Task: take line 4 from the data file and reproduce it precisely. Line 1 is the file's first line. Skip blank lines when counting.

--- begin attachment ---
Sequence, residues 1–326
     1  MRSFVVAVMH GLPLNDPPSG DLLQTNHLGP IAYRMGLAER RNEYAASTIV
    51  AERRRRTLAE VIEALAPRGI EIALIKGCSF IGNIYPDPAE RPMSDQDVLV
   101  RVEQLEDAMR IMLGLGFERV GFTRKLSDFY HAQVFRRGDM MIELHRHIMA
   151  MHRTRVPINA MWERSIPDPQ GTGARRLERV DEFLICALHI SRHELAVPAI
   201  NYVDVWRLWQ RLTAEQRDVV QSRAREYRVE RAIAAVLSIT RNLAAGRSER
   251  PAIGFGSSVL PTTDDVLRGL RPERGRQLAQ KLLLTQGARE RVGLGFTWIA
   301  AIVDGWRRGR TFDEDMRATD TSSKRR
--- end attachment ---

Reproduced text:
   101  RVEQLEDAMR IMLGLGFERV GFTRKLSDFY HAQVFRRGDM MIELHRHIMA